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16Oct

Three Reasons Your China Strategy May Need a Tune-Up

When was the last time your strategic planners or management team reviewed what you’re doing in China − and why? If it hasn’t been within the last 12 months, here are three reasons why it’s time for an assessment, along with recommended actions to take.

  • Belt and Road Initiative. This huge, multi-year investment project backed by the Chinese government is underwriting a not-to-be-ignored realignment of trading partners and priorities stretching from the eastern-most corners of Russia through Central and Southeast Asia, Africa, the Middle East, and across all of Europe. Once the United States pulled out of the Trans-Pacific Partnership in 2017, this initiative took on even more importance for countries looking to upgrade their transportation infrastructure while broadening their international trading footprint.

Actions to take: Analyze how this initiative may affect markets such as India, Indonesia, Italy, and Poland. You may need to initiate, increase, or scale back your market presence and local support depending on the projected effect of a particular market’s deeper integration with China.

  • Writing on the [Great] wall. It’s becoming more difficult for non-Chinese brands to avoid becoming entangled in enhanced government regulation, local cultural sensitivities, or the current political imbroglio of the day. Not your vertical, company size, market share, level of innovation, or even brand cachet can shield you from being ushered, pushed, or shut out of the Chinese market, once the powers that be deem that your time has passed.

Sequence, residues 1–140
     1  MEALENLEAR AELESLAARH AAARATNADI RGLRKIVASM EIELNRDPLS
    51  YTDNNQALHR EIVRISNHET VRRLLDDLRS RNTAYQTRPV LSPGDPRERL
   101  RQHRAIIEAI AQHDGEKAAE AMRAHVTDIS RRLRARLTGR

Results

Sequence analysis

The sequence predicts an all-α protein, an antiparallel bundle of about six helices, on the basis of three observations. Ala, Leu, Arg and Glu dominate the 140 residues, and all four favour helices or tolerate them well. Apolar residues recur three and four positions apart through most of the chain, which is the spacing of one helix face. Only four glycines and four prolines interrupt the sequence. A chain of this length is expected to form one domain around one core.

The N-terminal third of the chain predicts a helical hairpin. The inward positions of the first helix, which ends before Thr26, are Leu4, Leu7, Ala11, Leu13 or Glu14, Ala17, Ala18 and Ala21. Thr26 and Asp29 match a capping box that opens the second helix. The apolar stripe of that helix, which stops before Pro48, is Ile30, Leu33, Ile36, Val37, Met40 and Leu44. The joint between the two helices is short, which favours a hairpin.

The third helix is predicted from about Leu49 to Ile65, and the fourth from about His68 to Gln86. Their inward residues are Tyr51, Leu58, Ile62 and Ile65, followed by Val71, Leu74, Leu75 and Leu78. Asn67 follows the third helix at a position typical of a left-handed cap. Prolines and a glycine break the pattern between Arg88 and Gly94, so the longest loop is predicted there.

Actions to take: Investigate other Chinese-speaking markets more thoroughly, including possible domestic audiences on your home turf. You may be able to repurpose some of the hard work that you have already completed.

  • Opportunity costs. You should make your decisions around language support within a broader context that encompasses the likelihood of being successful – or not – over the long term in China. For most firms, this market will not be the gold rush that data might indicate

Actions to take: Evaluate other goals your organization could meet or exceed with the budgets, staff time, and executive energy currently invested in China if you diverted them to other areas of the world – including multicultural audiences in your home market. Explore how to keep your current customers in other locales enthralled with your products, services, employees, partners, and brand. Work on new ones that you wouldn’t have had the bandwidth to develop if you continued pouring resources into China.

Going and staying global extends far beyond your language strategy. Make sure that your executives, management team, and colleagues have access to the right data to make comprehensive decisions when it comes to whether to enter, stay, or fold in China.

Photo by chuttersnap on Unsplash

About the Author

Rebecca Ray

Rebecca Ray

Director of Buyers Service

Focuses on global digital transformation, enterprise globalization, localization maturity, social media, global product development, crowdsourcing, transcreation, and internationalization

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